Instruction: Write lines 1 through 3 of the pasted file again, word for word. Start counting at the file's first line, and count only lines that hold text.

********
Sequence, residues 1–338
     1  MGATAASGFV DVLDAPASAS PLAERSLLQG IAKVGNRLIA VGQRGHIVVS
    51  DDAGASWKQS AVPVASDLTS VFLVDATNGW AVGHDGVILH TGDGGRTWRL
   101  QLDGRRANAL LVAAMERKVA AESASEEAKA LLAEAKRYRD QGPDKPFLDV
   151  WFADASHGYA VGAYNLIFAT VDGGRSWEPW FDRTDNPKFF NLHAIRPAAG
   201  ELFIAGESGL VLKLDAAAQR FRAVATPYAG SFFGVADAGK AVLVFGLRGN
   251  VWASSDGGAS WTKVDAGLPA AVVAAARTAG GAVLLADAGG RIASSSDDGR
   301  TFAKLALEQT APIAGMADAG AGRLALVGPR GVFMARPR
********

Sequence, residues 1–338
     1  MGATAASGFV DVLDAPASAS PLAERSLLQG IAKVGNRLIA VGQRGHIVVS
    51  DDAGASWKQS AVPVASDLTS VFLVDATNGW AVGHDGVILH TGDGGRTWRL